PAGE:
The Other AsteriskWonderful: a new home run record on par with the accomplishments of Louis Pasteur and the application of penicillin in medicine. Barry Bonds should be proud, even if his legend should be surrounded with a cloud of suspicion.
However, I would draw attention to other aspects of Bonds' accomplishment. Baseball has been making it easier and easier to hit home runs, building smaller stadiums and changing rules in favor of hitters. In an era where all baseballers (such an old fashion word) could enjoy the boost and repair of steroids, hitters, not pitchers, have been able to enjoy their benefits more thoroughly. Good pitching has become a rare and precious commodity, turned over to cadres of relievers as early as the fifth inning. Perhaps the more significant of this weeks milestones has been Tom Glavine's 300th win, something many sports analysts is unlikely to happen soon, if not ever again. This era has sacrificed many aspects of the game in favor of the cheap thrill of the long ball. Other aspects of the game, like pitching, but also defense and "little ball," have diminished by comparison.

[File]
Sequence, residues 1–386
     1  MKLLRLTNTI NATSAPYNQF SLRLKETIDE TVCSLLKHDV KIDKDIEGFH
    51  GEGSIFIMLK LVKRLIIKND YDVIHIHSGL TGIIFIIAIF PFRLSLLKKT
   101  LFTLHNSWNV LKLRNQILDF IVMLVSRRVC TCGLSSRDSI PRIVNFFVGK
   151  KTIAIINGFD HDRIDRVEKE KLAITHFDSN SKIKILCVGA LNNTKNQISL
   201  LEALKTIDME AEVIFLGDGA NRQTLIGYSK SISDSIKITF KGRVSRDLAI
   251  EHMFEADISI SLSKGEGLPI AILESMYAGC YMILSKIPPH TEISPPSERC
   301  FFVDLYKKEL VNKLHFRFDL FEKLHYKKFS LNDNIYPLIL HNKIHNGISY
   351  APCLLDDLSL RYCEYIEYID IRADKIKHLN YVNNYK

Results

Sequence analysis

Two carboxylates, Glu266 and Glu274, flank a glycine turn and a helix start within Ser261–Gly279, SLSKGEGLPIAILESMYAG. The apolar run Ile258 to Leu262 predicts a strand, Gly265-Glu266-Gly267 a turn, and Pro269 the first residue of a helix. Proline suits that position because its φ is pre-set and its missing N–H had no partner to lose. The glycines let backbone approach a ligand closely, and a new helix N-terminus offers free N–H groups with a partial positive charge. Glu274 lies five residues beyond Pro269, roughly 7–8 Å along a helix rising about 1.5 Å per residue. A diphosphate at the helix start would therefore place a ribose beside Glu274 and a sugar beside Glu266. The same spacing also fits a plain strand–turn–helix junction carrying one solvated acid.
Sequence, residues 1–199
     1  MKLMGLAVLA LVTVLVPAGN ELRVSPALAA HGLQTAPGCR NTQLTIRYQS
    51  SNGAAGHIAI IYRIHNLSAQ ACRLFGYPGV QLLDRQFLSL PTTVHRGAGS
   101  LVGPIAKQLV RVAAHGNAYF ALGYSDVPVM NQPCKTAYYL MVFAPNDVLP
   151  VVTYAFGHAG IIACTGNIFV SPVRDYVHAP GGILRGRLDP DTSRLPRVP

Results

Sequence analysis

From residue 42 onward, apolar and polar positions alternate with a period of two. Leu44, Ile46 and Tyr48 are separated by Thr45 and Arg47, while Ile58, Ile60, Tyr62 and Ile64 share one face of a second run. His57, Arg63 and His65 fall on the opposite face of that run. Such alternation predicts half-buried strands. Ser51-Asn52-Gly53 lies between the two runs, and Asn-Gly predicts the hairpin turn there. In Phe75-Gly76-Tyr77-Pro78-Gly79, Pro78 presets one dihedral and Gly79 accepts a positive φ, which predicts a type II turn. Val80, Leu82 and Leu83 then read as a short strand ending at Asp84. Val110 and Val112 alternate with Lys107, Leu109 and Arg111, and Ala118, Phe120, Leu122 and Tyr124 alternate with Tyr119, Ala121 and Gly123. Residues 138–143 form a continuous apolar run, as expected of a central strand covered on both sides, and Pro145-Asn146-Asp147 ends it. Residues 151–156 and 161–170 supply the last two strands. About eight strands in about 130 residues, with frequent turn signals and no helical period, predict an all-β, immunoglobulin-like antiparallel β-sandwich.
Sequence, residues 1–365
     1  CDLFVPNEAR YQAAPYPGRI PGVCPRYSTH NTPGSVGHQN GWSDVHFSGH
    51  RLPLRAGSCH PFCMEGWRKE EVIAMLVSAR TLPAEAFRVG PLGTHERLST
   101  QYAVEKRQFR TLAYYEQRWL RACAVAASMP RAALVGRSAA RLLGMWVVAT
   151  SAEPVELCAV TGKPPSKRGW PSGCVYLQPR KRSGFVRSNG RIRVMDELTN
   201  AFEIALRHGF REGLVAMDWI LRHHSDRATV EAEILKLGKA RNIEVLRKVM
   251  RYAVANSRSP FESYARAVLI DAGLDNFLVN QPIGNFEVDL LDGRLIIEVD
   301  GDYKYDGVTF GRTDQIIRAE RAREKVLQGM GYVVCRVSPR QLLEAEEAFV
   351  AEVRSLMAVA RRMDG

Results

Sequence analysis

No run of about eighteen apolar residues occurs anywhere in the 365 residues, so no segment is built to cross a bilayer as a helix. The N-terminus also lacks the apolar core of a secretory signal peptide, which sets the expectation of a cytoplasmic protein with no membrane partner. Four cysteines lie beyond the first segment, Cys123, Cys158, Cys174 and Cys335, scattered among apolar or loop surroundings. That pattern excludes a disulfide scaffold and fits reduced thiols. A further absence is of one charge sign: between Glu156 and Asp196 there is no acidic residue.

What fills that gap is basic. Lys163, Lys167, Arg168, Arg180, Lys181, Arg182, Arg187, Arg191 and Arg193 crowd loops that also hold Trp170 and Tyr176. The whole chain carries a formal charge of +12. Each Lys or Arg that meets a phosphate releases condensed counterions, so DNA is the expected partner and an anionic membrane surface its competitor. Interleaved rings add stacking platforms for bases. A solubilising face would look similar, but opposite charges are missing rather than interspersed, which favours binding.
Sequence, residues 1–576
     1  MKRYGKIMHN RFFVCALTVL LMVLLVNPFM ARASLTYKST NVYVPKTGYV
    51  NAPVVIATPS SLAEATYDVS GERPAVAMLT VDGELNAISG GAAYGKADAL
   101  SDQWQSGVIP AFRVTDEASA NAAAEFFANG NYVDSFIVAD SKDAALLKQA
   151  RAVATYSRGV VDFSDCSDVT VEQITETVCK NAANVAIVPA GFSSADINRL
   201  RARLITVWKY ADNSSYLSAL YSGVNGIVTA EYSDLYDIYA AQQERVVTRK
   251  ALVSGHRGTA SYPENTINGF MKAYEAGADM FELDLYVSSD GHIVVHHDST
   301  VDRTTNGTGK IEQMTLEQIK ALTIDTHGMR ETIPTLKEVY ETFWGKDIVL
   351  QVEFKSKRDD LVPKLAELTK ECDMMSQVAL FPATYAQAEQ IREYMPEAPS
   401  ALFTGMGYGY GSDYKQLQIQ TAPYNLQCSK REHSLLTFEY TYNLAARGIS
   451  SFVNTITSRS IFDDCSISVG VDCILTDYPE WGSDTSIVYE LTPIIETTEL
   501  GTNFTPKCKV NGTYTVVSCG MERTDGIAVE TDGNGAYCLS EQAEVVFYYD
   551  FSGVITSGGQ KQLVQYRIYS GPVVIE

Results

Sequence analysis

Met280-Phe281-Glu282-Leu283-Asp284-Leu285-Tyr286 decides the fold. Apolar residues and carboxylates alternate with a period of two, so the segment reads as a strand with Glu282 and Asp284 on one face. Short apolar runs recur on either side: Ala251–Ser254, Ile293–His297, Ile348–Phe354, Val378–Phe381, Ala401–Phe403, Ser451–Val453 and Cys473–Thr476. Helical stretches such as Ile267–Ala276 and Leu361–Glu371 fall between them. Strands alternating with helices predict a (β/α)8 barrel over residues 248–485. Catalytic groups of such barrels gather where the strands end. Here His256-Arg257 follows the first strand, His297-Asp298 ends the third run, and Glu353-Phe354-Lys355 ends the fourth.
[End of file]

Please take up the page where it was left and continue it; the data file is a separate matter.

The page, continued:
Perhaps the case has been made better by Bill Jenkinson. In The Year Ruth Hit 104 Home Runs, he argues that had Babe Ruth played his 1923 season in contemporary stadiums by contemporary rules, he would have had an additional 40-50 home runs. Many gargantuan blasts were contained by the cavernous stadiums in which Ruth played, and eyewitness evidence shows that many very long flyballs that became outs would have easily cleared fences that barely reach 400 feet in centerfield.
If Barry Bonds deserves an asterisk in his name in the record books, than so does "most home runs, career." Baseball as trivialized the long ball in the last twenty years, and consequently, trivialized its own traditions and legends. It will add context to the era, one in which the home run totals were super-sized but the reputation of baseball diminished.